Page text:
The reckoning
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The Reckoning. by David Halberstam. Major Players. Katsuji KAWAMATA, “ the Banker ” Tetsuo MASUDA, union leader, ‘ the Emperor ” Masaru MIYAKE, leader of 2nd union Ichiro SHIOJI, “ the Strikebreaker ” Sanosuke TANAKA, joined Nissan 1937 Typical of worker from countryside.

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The Reckoning

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The reckoning

The Reckoning

by

David Halberstam


Major players

Major Players

  • Katsuji KAWAMATA, “the Banker”

  • Tetsuo MASUDA, union leader, ‘the Emperor”

  • Masaru MIYAKE, leader of 2nd union

  • Ichiro SHIOJI, “the Strikebreaker”

  • Sanosuke TANAKA, joined Nissan 1937

    • Typical of worker from countryside


Ch 7 the banker

Ch. 7 “The Banker”

  • Nissan--Nippon Sangyo--founded by Yoshisuke AYUKAWA

    • --from good family

    • Mother was Inoue Kaoru’s niece

    • Graduated Todai w/ Engineering degree

  • Rose with militarists, Manchuria in 1930s

  • Challenged Sumitomo, Mitsui and Mitsubishi, old line Zaibatsu


  • The banker

    The Banker

    • Katsuji KAWAMATA--came from IBJ, the Hiroshima Branch, where he had been sent

    • He was rough, crude, knew nothing of automobiles or unions. But was ambitious.

    • Sent to Nissan, Tokyo, in 1947. He found there that management feared Union.

    • W/Dodge Line, he fired 2000-plus workers


    The union leader

    The Union Leader

    • Tetsuo MASUDA b. 1914 Tokunoshima off Kagoshima.

    • Father ran a small co. that went banrupt. They moved to Kagoshima, father died young.

    • Masuda went to Todai; joined Nissan 1938.


    The reckoning

    • Masuda was smart, eloquent, charismatic

    • Played baseball so was hero-figure, leader

    • Returned from war politicized:

      • Old guard had ruined Japan

  • Independent--Leftwing but not JCP type

  • His vision was for industry-wide union that would serve the workers.


  • Ch 8 the turning point

    Ch. 8 “The Turning Point”

    • 1951 Asahara selected president, Kawamata runs things.

    • Nicknamed “the banker” because he did not know cars or the company.

    • Masuda had always won battles until Dodge Line--now losing.

    • Korean war was “gift from gods” but when growth slowed, times were tough.


    Kawamata v masuda

    Kawamata v. Masuda

    • The 2nd Union Strategy

    • Masaru MIYAKE emerges as leader.

    • Zero-pilot during war, he flirted with radical left after the war but after Dodge Line began to question strikes and disruptions.

    • Felt Masuda needed to be stopped. Kawamata seen as hope of company.


    Cahnge of kacho status

    Cahnge of Kacho Status

    • Kachos--section heads--had been floor workers, part of unions v. management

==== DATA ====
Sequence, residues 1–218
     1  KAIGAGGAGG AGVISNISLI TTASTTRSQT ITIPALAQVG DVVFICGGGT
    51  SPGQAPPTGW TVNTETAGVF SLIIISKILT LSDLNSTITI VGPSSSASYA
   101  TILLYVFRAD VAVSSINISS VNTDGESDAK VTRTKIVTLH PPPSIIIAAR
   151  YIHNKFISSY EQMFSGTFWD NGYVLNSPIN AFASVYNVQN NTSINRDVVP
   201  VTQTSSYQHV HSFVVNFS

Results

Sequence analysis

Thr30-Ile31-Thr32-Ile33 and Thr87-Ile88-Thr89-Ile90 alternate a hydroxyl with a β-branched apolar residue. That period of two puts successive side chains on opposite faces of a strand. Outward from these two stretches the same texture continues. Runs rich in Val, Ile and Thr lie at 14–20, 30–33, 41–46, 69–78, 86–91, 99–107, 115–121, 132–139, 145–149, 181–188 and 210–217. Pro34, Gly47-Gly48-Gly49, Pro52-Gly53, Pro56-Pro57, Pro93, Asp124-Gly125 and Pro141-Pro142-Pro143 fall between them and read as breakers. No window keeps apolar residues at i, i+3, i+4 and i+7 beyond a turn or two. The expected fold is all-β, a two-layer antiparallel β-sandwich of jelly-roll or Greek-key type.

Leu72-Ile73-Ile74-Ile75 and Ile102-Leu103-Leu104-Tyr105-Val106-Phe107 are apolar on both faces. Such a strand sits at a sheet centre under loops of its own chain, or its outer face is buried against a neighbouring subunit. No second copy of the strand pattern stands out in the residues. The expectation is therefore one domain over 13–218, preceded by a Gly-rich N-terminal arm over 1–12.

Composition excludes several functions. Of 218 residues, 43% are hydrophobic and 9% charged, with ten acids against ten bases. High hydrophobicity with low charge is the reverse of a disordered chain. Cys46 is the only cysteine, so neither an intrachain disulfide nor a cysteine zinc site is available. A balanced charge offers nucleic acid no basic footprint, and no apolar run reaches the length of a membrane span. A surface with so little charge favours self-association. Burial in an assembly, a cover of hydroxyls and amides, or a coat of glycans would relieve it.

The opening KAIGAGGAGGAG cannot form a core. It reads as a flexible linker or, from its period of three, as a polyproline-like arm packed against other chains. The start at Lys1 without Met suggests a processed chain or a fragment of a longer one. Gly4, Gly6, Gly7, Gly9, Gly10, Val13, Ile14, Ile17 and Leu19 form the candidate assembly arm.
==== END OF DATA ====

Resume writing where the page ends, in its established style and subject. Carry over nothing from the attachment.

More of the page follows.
• New policy pulled kachos up into management

    • Result = suribachi or “grinding kachos down” tactic by unions


    Miyake v masuda

    Miyake v. Masuda

    • War taught Miyake to speak his mind

    • Saw Masuda as a bully or tyrant

    • Started secret meetings

    • Kawamata agreed to fund 2nd union w/ IBJ funds


    Ichiro shioji

    Ichiro Shioji

    • B. Kanda 1927, attended Naval Academy

    • Father died, took care of family

    • Hopped the buying trains, bought/sold produce

    • Openly egocentric , Coveted power

    • Cocky natural politician and street-fighter

    • Loved confrontation


    The reckoning

    • Masuda was on a high

    • Saw men of management as old men from past

    • Men of death--they had killed Japan

    • Didn’t fear Kawamata because he’s never been in a union


    The reckoning

    • Kawamata followed hard line--exhaust the union, hire thugs to protect 2nd union

    • Secured Nikkeiren support

    • By freezing out Masuda they provoked him to violence

    • Appealed to workers that Masuda was alien, un-Japanese in his conduct


    Ch 9 crushing masuda

    Ch. 9 “Crushing Masuda”

    • Appeal was made to workers on basis that work is sacred, “a ceremony,” not a means to an end as in the west.

    • Masuda was jailed; emerged to big rallies

    • But, he had

      • Underestimated his opponents

      • Overestimated loyalty of own men


    The reckoning

    • Old order had been democratized and modernized

    • But the old order was still there

    • Masuda’s dream of industry-wide union died. Nissan was stabilized.

    • Workers no longer challenged superiors


    The reckoning

    • Kawamata was the big winner

    • Unions became an extension of management

    • Masuda drifted, broken man

    • 1960s lived alone, unemployed

    • 1964 died of heart attack aged 50


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